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Anger

Anger is one of the basic human emotions, as elemental as happiness, sadness, anxiety, or disgust. These emotions are tied to basic survival and were honed over the course of human history. However, there is a difference between healthy and unhealthy anger.
Unhealthy anger interferes with your quality of life can destroy relationships, jobs, and friendships. Managing anger is a skill that can be learned, much like effective communication or dealing with difficult people. Learning to control extreme emotions can be especially important, preventing you from saying something you will later regret or making poor decisions in the heat of the moment. Many times, anger is the symptom of deeper feelings such as rejection, regret, or disappointment.
People who experience anger that interferes with their quality of life or destroys relationships, jobs, and friendships may require anger management intervention. Anger management may also be necessary for those whose anger has created legal problems.

What causes anger?

There are many causes of anger, whether it’s from a certain experience, like getting fired from a job, or a traumatic childhood or adult event. Anger can be situational or the result of mental illness. People might become angry if they believe they are being mistreated or go through a bad breakup or divorce. Whatever the cause, it’s important to find ways to constructively express your anger.

Anger & Depression

Many have a stereotypical idea of depression, imaging an individual who never leaves the bed or home and spends all day crying. What many don’t realize is that people with depression may act out in anger, as well.

Those experiencing depression are often plagued by their inner critics. These voices make them feel unworthy. Acting out in anger can help people relieve the anxiety these voices cause. Working with a therapist can help patients experiencing this build stronger self-esteem.

Expressing Anger

A large part of how we cope with anger is influenced by how we were raised. When we were young, if we saw our parents get upset and break things, we are more likely to express ourselves in a similar manner. You learned it was an appropriate way to cope with your intense feelings. Others manage their anger quite well, and use techniques like taking a deep breath, walking away, or count to 10 to process their emotions, and then respond.

Symptoms of Anger Disorder:
  • Unhealthy anger
  • Suppressed rage
  • Constant focus on the negative
  • Acting out violently
  • Engaging in the destruction of property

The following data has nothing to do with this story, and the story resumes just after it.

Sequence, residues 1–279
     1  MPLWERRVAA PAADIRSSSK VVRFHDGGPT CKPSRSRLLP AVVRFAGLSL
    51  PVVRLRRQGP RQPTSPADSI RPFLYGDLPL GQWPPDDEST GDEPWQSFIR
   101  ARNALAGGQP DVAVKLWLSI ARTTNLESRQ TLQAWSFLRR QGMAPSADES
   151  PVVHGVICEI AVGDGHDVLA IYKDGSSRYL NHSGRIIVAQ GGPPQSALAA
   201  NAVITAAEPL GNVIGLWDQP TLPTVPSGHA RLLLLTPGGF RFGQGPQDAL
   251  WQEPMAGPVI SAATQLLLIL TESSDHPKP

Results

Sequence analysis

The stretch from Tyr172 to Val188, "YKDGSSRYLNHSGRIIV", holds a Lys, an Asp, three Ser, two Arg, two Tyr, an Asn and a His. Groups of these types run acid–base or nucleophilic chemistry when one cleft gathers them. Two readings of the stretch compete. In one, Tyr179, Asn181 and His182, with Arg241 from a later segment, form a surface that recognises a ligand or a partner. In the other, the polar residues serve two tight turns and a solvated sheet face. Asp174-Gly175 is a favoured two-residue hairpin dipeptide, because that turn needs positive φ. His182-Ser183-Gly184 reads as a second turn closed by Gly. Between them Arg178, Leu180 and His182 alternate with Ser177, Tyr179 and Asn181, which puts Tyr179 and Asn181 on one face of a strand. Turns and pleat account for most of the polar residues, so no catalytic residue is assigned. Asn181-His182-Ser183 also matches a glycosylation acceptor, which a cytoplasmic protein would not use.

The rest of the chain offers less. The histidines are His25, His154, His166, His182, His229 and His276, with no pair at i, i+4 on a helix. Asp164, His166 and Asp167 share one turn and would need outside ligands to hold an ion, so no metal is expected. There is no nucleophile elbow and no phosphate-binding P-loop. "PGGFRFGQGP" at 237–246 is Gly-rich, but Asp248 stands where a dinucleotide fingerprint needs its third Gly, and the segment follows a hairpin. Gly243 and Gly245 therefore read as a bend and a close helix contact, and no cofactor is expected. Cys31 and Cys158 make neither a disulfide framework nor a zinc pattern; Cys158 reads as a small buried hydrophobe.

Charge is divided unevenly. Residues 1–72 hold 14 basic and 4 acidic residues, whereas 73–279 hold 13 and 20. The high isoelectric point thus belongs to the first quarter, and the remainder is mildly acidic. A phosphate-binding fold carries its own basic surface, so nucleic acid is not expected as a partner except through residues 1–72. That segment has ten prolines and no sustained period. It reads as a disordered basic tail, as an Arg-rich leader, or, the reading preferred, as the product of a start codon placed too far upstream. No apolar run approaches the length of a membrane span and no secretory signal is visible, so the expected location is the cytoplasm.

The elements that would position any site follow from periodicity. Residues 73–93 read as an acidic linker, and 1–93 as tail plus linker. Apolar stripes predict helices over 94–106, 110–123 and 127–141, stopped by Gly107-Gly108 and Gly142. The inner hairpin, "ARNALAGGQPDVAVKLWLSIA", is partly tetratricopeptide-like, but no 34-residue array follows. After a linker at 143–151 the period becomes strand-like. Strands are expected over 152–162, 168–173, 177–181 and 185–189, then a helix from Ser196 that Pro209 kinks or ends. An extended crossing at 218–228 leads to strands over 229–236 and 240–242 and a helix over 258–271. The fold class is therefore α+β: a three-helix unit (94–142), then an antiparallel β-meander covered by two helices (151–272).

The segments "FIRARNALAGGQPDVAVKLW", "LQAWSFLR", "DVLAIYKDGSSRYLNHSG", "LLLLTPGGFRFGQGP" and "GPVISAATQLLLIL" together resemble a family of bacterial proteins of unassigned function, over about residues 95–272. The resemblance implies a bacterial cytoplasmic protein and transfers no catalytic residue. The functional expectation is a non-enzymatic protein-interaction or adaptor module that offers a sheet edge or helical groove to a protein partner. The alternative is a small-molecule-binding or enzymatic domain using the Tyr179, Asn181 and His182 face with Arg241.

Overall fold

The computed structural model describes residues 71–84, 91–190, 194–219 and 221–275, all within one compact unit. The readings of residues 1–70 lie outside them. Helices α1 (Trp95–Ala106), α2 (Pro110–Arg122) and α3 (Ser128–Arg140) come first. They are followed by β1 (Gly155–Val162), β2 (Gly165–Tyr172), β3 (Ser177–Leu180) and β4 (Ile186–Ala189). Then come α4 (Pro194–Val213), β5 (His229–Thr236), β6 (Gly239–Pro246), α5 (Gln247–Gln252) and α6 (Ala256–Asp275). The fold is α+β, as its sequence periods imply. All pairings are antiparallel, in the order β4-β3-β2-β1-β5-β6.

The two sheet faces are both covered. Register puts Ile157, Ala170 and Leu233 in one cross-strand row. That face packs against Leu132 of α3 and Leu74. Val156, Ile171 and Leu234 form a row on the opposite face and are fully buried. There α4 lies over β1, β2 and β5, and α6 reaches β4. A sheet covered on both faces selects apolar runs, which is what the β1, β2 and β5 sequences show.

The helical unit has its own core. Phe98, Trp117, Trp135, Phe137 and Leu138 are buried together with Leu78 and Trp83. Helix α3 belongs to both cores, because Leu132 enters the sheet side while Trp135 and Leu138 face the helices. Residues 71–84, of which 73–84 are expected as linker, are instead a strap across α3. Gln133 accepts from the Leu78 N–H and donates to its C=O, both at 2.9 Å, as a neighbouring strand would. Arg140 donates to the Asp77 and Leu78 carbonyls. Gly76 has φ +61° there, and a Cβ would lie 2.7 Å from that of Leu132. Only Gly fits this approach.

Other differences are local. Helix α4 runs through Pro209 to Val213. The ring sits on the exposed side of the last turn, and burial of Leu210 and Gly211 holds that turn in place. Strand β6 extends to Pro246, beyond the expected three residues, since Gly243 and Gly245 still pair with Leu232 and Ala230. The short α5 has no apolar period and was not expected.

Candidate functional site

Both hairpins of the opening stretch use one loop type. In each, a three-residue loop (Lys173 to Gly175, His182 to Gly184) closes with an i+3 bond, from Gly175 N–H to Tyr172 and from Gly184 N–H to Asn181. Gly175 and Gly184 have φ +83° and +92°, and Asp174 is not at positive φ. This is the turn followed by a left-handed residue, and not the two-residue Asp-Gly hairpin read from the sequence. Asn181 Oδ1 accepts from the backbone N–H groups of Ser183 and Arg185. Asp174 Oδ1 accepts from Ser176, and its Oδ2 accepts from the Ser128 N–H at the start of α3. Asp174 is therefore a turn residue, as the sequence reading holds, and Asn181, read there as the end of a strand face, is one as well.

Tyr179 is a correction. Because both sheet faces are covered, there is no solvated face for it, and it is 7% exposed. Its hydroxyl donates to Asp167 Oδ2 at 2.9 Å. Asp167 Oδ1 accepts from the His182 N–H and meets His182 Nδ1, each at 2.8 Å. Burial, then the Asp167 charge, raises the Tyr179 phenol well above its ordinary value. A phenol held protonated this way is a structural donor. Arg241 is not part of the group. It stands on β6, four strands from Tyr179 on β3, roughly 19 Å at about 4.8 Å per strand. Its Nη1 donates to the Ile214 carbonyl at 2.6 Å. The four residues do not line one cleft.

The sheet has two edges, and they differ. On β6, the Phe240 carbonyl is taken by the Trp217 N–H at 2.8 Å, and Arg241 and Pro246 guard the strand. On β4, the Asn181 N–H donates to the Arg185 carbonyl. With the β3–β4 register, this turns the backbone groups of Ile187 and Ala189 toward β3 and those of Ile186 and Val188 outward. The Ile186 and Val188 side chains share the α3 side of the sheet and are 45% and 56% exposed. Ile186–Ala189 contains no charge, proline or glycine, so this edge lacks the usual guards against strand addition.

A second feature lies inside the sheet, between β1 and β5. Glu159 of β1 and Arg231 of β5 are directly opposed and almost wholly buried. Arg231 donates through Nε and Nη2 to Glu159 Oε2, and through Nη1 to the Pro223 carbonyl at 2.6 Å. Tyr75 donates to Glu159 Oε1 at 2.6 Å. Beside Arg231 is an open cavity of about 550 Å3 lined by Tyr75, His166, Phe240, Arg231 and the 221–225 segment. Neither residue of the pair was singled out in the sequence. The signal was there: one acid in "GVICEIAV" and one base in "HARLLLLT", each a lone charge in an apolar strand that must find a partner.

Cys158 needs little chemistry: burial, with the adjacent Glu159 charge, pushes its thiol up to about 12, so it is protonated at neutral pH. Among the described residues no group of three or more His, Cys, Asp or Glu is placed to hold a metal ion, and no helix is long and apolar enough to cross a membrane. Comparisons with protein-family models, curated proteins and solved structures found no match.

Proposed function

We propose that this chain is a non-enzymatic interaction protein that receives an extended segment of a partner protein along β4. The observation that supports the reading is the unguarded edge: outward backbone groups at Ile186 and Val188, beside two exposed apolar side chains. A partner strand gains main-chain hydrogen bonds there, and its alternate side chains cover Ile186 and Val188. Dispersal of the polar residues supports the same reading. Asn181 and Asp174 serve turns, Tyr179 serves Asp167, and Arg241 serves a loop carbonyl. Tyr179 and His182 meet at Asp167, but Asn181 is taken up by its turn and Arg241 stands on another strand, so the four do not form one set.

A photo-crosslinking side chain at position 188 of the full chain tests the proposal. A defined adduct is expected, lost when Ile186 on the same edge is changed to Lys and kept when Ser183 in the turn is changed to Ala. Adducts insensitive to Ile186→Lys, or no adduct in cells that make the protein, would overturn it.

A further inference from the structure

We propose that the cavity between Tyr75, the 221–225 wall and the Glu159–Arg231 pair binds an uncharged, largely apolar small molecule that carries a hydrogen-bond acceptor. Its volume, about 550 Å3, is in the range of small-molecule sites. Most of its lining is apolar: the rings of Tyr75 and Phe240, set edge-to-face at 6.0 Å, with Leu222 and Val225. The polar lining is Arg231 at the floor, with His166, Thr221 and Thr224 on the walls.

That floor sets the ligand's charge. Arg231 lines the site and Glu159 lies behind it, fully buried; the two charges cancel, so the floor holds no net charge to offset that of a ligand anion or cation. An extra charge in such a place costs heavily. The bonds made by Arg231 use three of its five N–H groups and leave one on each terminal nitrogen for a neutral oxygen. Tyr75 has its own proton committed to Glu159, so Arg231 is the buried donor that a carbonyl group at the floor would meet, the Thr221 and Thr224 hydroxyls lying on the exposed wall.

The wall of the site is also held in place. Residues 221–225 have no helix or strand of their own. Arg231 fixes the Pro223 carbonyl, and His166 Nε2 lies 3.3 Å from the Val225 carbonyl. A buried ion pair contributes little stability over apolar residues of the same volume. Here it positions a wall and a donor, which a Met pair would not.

• Threatening others
  • Driving recklessly
  • Arguing with others constantly
  • Heightened irritability
  • Forcing others to tread carefully

Therapy Can Help Manage Anger

Anger management can include individual and group therapies, as well as prescribed medication. Anger management therapy is different for everyone and is tailored to each client’s needs.

Disordered anger can leave you feeling out of control and as if your life is in chaos. Anger management therapy done in partnership with trained professionals can teach you proven techniques for managing your anger so that it no longer impacts your life so severely. Anger is a symptom of a mental health disorder and requires compassionate care and intervention just like any health problem.

Cognitive therapy. Often the way people think when they’re angry makes situations worse. When another driver cuts you off, for instance, you might think, “You idiot! Everyone’s trying to make me late today!” In cognitive therapy, psychologists help patients find alternative ways of thinking about and reacting to anger. Instead of thinking bad thoughts about the other driver, for example, you could think instead, “Whoa! That was an accident waiting to happen.”

Skill development. Learning new behaviors can also help. Parents might need to find better ways of communicating with their children, for instance. Angry drivers might benefit from learning safe driving skills.

Find Help at Nystrom & Associates

In group therapy, individuals share their experiences with disordered anger. A therapist leads the session, guiding the conversation and providing coping strategies for the group to consider. 

In individual therapy, patients with disordered anger can work to uncover the triggers of their anger. Comorbid disorders such as depression and anxiety can also be addressed. When anger stems from an emotional disorder, a psychiatrist may recommend medication as a supplement to therapy. 

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